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Anti-depressants are mood-stabilizing drugs used to treat a variety of conditions, including moderate to severe depressive disorder, anxiety attacks and post-traumatic stress disorder. First discovered in the early 1950s, anti-depressants have become an effective tool in combating depression and other disorders. Anti-depressants were first discovered by accident when a drug called Iproniazid, originally developed to treat tuberculosis, was found to ease symptoms of depression. Although scientists are still not sure exactly what causes depression, it is believed that some neurotransmitters — the chemicals that pass messages between brain cells — greatly affect a person's mood. Anti-depressants work by increasing the activity of these neurotransmitters.
There are four main types of anti-depressants used today. The earliest mood-stabilizing drugs belonged to a group of medications known as monoamine oxidase inhibitors (MAOIs). MAOIs work by stopping the breakdown of monoamine neurotransmitters, thus increasing the amount of these chemicals present in the body. Typically prescribed for depression and social anxiety, MAOIs can cause very serious drug and food interactions. Due to their dangerous nature, these drugs are usually prescribed today only for patients who have not responded to other treatments.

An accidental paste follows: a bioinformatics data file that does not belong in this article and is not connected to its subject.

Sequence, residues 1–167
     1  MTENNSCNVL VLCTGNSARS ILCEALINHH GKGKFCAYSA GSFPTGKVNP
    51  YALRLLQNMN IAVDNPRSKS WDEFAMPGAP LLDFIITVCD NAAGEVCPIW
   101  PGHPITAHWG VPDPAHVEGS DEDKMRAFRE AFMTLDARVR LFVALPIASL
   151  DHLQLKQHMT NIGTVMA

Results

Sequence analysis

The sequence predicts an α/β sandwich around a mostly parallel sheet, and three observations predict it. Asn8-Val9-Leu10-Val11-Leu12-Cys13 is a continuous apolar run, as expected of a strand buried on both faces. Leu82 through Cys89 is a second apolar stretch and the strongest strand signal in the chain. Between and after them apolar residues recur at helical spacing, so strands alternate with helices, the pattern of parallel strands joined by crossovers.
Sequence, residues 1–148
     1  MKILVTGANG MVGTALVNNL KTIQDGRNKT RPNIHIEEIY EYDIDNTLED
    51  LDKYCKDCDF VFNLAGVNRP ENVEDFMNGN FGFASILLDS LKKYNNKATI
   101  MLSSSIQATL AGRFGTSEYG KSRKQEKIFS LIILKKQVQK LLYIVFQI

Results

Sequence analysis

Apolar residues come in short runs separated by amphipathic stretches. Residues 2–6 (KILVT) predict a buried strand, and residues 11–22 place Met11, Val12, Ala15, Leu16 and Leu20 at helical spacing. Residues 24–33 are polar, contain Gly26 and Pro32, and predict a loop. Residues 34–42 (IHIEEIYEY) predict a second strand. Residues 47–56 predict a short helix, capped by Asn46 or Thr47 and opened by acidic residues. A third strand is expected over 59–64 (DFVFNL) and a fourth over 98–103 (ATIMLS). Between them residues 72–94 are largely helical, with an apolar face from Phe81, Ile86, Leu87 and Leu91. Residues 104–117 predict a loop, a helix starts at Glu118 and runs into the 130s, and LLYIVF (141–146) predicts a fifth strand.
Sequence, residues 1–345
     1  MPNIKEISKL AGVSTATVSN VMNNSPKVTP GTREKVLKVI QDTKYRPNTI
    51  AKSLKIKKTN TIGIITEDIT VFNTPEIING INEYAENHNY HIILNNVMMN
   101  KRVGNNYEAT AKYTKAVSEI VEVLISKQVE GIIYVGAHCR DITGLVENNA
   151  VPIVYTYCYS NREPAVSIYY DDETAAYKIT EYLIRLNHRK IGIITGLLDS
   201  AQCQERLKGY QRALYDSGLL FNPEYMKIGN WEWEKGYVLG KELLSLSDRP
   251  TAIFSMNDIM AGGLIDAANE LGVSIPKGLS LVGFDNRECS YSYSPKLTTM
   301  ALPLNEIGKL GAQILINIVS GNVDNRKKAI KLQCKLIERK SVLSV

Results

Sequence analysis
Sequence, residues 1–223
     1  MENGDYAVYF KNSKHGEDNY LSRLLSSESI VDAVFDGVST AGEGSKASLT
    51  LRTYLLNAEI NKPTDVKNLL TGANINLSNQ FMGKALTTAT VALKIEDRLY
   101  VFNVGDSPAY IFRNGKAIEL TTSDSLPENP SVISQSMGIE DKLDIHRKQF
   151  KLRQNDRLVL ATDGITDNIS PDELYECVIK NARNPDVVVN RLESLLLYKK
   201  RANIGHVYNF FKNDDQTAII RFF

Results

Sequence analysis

After the discovery of MAOIs, scientists developed tricyclic anti-depressants (TCAs). TCAs cause fewer side effects than MAOIs and were therefore the preferred method of treatment for many years. TCAs are also effective for treating chronic pain such as neuralgia. However, they are dangerous in overdose and have largely been replaced by newer drugs.
Today, the most widely prescribed anti-depressants belong to a class known as selective serotonin reuptake inhibitors (SSRIs). Very basically, SSRIs work by keeping a larger amount of the neurotransmitter serotonin in the brain's receptor areas, allowing the brain to better utilize the serotonin. It is generally believed that serotonin directly influences mood, so by keeping a larger amount of this chemical in a place where the body can use it, patients may experience an improved mood.
The last major group of anti-depressants used today belong to the class of serotonin-norepinephrine reuptake inhibitors (SNRIs). SNRIs work more or less the same way as SSRIs, except that they affect the way the brain uses the neurotransmitter norepinephrine as well as serotonin. SSRIs and SNRIs are generally safer than MAOIs and TCAs, causing fewer side effects and drug interactions.
Some common side effects induced by anti-depressants include dry mouth, drowsiness, changes in appetite and increased feelings of depression and anxiety. However, many of these symptoms decrease after the body adjusts to the drug. Anti-depressants may also cause sexual side effects, such as decreased libido and erectile dysfunction.
Because depression and other affective disorders can be related to situational causes as well as chemical imbalances, anti-depressants are usually combined with psychotherapy in order to combat depression. As with any medication, it is important that patients only take anti-depressants under a doctor's supervision. When combined with therapy, mood-stabilizers have been shown to produce very effective results in depression sufferers.